Tesla is currently unable to sell cars in Texas, due to many American states’ fascination with protectionist legislation for car dealers. Now some legislators in New York, apparently joined by the state’s governor, want to adopt similar legislation in the Empire State. Precise practices vary from place to place, but the general spirit of the regulations is that instead of a manufacturer selling cars to consumers, they should sell cars to dealers who mark them up and then divide the profits with state legislators.
Oh, sorry, it’s about protecting consumers.
[Deborah Dorman] said the bill was designed to protect consumers because it required companies to create a storefront in the state and was not directed at Tesla because it sold electric vehicles. Some environmentalists have claimed the bill unfairly targets electric car manufacturers.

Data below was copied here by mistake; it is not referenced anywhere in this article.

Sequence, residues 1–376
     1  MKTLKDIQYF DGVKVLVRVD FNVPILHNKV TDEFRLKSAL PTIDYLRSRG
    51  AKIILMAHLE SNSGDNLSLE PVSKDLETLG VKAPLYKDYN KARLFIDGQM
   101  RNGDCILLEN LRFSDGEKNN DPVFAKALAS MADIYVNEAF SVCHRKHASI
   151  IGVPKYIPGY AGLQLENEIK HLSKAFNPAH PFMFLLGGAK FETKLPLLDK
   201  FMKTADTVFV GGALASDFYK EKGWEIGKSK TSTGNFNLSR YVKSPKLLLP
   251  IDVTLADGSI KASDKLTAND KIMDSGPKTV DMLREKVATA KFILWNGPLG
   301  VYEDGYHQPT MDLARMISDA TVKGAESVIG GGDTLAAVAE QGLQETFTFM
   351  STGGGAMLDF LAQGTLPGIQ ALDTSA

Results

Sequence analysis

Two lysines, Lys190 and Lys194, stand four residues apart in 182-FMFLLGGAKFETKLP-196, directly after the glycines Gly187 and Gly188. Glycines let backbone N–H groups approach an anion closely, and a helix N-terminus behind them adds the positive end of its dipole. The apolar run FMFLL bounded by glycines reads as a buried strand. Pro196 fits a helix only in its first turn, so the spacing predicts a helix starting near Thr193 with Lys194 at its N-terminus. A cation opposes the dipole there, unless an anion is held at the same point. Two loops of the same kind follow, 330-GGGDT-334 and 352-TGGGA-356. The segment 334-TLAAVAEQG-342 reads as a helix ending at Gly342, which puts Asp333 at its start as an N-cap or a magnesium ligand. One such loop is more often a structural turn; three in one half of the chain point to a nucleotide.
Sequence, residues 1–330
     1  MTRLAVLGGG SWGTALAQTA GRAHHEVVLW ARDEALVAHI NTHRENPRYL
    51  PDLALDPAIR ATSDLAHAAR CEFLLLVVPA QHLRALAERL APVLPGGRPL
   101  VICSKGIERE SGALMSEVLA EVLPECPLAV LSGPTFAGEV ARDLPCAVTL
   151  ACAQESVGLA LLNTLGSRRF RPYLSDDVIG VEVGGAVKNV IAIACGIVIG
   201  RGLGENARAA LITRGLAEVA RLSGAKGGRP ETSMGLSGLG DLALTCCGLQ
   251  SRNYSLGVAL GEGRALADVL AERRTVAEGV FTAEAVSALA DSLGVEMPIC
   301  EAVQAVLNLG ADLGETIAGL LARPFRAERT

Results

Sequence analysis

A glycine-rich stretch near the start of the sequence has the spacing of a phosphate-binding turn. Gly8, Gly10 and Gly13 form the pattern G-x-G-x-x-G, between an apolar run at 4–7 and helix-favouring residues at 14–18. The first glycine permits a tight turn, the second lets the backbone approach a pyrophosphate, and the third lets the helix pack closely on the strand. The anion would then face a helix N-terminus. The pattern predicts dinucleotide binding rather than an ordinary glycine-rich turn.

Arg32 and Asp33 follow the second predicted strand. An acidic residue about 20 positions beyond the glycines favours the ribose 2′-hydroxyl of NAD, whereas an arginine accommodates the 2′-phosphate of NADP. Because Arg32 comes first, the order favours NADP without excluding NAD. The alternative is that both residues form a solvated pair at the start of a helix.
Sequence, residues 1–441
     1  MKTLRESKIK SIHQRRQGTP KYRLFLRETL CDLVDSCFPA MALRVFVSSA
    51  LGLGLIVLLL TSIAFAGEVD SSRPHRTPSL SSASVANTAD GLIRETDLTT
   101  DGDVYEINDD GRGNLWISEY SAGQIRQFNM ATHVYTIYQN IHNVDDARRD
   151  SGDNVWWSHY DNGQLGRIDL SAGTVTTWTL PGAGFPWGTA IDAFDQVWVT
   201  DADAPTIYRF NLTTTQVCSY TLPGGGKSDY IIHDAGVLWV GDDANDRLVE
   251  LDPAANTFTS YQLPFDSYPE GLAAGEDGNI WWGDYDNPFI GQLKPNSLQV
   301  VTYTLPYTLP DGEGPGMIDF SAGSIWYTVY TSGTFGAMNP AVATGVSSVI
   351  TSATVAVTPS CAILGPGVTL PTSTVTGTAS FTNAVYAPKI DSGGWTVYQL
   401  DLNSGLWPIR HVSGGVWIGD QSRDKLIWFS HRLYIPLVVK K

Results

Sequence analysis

But protecting them from what? OK, actually it’s about protecting car dealers:
“Everyone is selling electric cars, it has nothing to do with that,” she said. “If you allow someone to come into the market with no overhead, that’s an unfair advantage,” she said.
It’s definitely an advantage but is it unfair?
One of the great things about the journalism industry is that thanks to the First Amendment, it’s very challenging for incumbents to try to use this kind of business strategy. Owners of print magazines can’t complain that it’s “unfair” for Slate to enter the marketplace with its low-overhead Web-first strategy.